The second argument to the event handler is a CogCollectionKeyChangeEventArgs.

KeyChanged

Fires after an item's key is changed.

The second argument to the event handler is a CogCollectionKeyChangeEventArgs.

Interactive Shape Events

All of the VisionPro shapes fire changed events when you make a change to their properties. For instance, if you change a circle's CenterX and CenterY properties, two changed events will fire, one for each property (unless you have suspended changed events). If you set the circle's Interactive property and drag it, a changed event fires if its location or radius is changed.

Interactive shapes can also fire events as they are dragged. The Dragging event fires as the shape is being moved or resized with the mouse. The event handler's CogDraggingEventArgs argument provides a DragGraphic property that contains the shape that would result if dragging ended. The event fires when you release the mouse button. The event handler's CogDraggingEventArgs argument provides a DragGraphic property that contains the shape that resulted from dragging the original shape.

Coordinate Space Tree Events

CogCoordinateSpaceTree fires events whenever a change is made to the tree. The following table lists the coordinate space tree events:

Table 5. Coordinate space tree events
Event Description
Changed

Fires when a coordinate space tree is loaded from a persistence archive.

NameChanged

Fires when the name of a coordinate space changes.

The second argument to the event handler is a CogNameChangedEventArgs that provides NewSpaceName and OldSpaceName properties.

SpaceAdded

Fires when a new coordinate space is added to the tree.

The second argument to the event handler is a CogSpaceAddedEventArgs that provides a NewSpaceName property.

SubtreeDeleted

Fires when a subtree has been deleted from a coordinate space tree.

The second argument to the event handler is a CogSubtreeDeletedEventArgs that provides a OldSpaceName property.

SubtreeMoved

Fires when a subtree is moved within a coordinates space tree.

The second argument to the event handler is a CogSubtreeMovedEventArgs that provides NewSpaceName and OldSpaceName properties.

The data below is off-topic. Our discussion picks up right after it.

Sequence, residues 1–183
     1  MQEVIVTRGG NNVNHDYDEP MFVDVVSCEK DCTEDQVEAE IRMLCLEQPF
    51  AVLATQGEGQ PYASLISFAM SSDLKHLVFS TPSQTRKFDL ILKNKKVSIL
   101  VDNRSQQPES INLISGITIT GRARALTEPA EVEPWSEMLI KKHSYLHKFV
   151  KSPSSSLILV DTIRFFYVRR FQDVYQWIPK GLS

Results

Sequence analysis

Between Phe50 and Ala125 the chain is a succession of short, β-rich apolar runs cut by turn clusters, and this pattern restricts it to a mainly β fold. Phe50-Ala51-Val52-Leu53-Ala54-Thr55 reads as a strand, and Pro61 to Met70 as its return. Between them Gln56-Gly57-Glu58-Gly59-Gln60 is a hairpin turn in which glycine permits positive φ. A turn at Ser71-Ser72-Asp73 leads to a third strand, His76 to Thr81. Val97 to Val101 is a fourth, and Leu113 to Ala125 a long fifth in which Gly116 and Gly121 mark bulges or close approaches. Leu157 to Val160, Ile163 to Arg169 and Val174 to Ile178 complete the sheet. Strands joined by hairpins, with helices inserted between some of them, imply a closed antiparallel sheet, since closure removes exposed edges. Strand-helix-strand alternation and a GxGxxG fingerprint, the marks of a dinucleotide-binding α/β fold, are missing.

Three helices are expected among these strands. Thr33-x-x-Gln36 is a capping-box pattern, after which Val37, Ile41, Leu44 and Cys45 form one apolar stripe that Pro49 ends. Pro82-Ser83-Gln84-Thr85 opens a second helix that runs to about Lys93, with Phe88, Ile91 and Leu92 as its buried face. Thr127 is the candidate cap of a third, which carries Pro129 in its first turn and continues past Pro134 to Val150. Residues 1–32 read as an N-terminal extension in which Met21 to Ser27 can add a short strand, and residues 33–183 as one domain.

TransformChanged

Fires when a coordinate space's transformation object changes.

The second argument to the event handler is a CogTransformChangedEventArgs that provides a SpaceName property.

TreeAdded

Fires when a new coordinate space tree is added to the tree.

The second argument to the event handler is a CogTreeAddedEventArgs that provides a NewSpaceName property.

Display Events

The CogDisplay control fires events in response to changes in the state of the control and in response to user actions such as mouse clicks and keyboard presses.

The Changed event fires whenever there is a change to the state of the display control itself. For instance, this event fires when you make scroll bars visible or invisible or when you change the display's zoom factor.

The following table lists the events that the Display Control fires in response to mouse actions:

Table 6. Mouse-related events fired by the Display Control
Event Description
Click

Fires when the user clicks and releases the left mouse button in the display control.

The second argument to the event handler is a EventArgs (no event data).

DoubleClick

Fires when the user double-clicks and releases the left mouse button in the display control.

The second argument to the event handler is a EventArgs (no event data).

The DoubleClick event fires if the two clicks take place within the system wide double click time. Other wise, individual Click events fire.

DraggingStopped

Fires when the user stops dragging an object that implements ICogGraphicInteractive

The second argument to the event handler is a EventArgs (no event data).

This event fires in addition to any specific even that the shape might fire.

MouseDown

Fires when the user clicks either mouse button in the display control.

The second argument to the event handler is a MouseEventArgs that provides properties that describe the mouse location and mouse button states.

MouseMove

Fires when the user moves the mouse in the display control.

The second argument to the event handler is a MouseEventArgs that provides properties that describe the mouse location and mouse button states.

MouseUp

Fires when the user releases either mouse button in the display control.

The second argument to the event handler is a MouseEventArgs that provides properties that describe the mouse location and mouse button states.

The following table lists the events that the Display Control fires in response to keyboard actions:

Table 7. Key-related events fired by the Display Control
Event Description
KeyDown

Fires when the user presses a key while the Display Control has input focus.

The second argument to the event handler is a KeyEventArgs that provides properties that describe the keyboard states.

KeyUp

Fires when the user releases a key while the Display Control has input focus.

The second argument to the event handler is a KeyEventArgs that provides properties that describe the keyboard states.

KeyPress

Fires when the user presses a key while the Display Control has input focus. If the key does not have an ASCII value (such as an arrow key) this event does not fire, though KeyDown and KeyUp do.

The second argument to the event handler is a KeyPressEventArgs that provides properties that return the pressed key.